The Cane Corso’s bite force extends to about 700 PSI; this is stronger than a lion, which only has a 691 PSI. Yes, this potentially intimidating dog needs attentive training and socialization right from the very start.
Your gray Cane Corso might not be fond of strangers, so keep this in mind! The Cane Corso is affectionate with his own human companions, but he’ll be suspicious of anyone else coming into his territory. You’ll have to introduce the newcomers very carefully.
3. A Gray Cane Corso Puppy May Change Color
If you have your heart set on a gray Cane Corso, you should know that puppies with this coat can sometimes change color, and they could end up a darker gray or even a lighter shade as they age.
When a puppy’s coat color changes, it happens slowly. So, don’t expect to see its color change overnight. If you get a gray Cane Corso puppy and the color changes, it’ll probably keep the same or a similar tone and just dark or get lighter.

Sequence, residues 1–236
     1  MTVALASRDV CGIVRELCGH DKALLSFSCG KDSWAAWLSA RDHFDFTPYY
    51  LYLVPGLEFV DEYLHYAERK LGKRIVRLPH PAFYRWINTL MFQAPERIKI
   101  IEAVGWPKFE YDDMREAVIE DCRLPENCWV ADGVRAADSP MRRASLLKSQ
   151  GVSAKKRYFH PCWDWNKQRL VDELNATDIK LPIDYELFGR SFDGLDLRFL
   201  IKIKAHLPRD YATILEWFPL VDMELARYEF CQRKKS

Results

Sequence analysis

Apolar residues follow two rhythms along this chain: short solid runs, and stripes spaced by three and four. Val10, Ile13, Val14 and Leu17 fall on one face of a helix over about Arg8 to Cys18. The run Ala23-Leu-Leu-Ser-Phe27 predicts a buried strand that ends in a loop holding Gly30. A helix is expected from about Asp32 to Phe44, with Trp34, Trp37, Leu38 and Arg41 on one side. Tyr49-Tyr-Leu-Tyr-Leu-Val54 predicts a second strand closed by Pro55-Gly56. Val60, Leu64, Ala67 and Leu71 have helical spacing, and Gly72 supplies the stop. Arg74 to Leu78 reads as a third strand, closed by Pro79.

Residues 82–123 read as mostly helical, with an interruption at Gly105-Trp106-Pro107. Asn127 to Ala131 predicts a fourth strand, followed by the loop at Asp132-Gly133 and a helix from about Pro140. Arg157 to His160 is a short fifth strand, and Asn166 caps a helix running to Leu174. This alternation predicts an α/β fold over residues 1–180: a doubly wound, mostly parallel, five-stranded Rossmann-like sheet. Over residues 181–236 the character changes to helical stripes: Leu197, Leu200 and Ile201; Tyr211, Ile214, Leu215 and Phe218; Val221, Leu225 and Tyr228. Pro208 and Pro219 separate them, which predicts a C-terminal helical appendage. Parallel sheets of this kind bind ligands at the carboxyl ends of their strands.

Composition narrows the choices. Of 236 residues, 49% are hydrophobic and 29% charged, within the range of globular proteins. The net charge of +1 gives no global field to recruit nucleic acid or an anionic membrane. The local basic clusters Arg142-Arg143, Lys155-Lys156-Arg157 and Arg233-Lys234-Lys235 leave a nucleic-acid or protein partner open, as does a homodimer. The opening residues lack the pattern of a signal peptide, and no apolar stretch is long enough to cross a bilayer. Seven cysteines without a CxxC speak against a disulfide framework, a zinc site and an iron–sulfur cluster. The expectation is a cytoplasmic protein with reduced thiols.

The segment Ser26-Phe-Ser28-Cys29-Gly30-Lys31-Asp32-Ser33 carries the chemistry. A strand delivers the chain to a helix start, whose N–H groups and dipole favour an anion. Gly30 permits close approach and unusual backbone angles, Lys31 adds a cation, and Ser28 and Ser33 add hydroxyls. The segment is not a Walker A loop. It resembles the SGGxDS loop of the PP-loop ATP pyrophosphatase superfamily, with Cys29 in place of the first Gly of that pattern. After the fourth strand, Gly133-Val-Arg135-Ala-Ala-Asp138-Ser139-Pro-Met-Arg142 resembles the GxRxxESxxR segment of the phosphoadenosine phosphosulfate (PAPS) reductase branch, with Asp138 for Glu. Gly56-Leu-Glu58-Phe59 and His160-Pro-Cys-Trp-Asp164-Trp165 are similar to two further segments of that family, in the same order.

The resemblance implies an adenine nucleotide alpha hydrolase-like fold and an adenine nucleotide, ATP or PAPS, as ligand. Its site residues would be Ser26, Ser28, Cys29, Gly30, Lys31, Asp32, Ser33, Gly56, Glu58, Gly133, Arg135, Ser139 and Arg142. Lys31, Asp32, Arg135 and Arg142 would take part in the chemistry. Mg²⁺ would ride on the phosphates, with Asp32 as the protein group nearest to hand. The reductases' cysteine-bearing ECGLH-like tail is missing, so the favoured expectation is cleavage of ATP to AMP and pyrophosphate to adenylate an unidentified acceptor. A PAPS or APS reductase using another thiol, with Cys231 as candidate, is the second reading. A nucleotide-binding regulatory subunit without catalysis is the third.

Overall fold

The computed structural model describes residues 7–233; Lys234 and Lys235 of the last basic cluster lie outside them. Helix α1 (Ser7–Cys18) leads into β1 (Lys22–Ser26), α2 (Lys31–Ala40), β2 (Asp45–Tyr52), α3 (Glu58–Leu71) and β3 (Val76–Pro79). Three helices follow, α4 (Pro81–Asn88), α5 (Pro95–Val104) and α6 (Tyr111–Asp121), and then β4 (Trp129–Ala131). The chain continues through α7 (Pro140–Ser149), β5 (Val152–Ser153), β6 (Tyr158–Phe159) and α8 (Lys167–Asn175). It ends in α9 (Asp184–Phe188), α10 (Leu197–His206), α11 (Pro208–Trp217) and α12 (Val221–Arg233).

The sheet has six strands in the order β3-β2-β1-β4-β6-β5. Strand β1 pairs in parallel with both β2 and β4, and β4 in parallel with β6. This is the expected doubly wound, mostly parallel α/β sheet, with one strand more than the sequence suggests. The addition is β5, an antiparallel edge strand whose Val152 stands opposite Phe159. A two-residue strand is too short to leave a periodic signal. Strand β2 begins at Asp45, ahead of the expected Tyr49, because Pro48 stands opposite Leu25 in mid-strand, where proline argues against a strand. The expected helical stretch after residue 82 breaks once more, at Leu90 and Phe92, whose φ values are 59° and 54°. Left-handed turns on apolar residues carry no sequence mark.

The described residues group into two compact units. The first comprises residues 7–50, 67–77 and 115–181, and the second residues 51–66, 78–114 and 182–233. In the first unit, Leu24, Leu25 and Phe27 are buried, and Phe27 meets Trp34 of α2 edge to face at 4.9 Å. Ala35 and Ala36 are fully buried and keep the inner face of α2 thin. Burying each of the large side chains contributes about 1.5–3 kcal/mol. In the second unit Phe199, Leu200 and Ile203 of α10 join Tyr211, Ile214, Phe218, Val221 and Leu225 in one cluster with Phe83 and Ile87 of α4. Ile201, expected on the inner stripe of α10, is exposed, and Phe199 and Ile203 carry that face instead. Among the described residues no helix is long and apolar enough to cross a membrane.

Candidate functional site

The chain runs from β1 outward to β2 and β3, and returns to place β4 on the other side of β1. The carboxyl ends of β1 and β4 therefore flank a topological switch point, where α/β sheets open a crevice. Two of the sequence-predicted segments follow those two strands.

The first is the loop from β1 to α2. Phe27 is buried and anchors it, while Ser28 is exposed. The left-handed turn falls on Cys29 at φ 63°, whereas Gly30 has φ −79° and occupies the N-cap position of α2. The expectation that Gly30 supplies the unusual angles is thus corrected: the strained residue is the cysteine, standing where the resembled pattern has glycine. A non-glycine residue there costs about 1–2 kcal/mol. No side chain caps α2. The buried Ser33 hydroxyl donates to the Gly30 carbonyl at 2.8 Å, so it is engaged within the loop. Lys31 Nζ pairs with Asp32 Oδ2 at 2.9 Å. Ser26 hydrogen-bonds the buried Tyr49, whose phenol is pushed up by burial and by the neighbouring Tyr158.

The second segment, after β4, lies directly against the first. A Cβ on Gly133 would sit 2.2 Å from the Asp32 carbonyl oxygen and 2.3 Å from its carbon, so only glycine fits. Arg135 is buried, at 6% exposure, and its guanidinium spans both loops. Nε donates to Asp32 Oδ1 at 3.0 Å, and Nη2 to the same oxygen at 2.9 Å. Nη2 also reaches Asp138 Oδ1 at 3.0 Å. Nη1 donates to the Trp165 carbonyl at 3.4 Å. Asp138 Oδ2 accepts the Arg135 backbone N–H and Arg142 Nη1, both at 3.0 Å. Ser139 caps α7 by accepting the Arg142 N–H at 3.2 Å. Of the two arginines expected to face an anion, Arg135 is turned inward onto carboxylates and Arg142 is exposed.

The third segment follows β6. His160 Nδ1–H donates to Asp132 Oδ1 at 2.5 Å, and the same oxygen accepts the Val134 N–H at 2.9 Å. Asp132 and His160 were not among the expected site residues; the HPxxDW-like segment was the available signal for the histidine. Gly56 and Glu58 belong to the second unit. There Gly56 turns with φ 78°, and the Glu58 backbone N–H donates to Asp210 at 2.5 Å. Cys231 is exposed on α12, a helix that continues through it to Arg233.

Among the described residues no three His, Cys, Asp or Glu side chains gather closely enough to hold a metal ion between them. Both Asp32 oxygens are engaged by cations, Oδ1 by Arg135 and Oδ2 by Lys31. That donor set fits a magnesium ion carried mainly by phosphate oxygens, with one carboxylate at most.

4. The Gray Cane Corso Coat Is Caused by a Recessive Gene
Specifically, the gray Cane Corso coat is due to a recessive dilute gene. This gene reduces how much eumelanin the dog can produce.
Eumelanin is the pigment that creates black in a canine’s coat. When this pigment becomes diluted because of the recessive gene we discussed, what would otherwise be black hair becomes gray.
It’s possible to get a gray puppy from black Cane Corso parents, but only if both the mother and father have this recessive gene.
5. Gray Cane Corsos Have an Ancient History and Italian Origin
The Cane Corso is an ancient breed; the Cane Corso dates back thousands of years as there is proof they lived in Ancient Rome.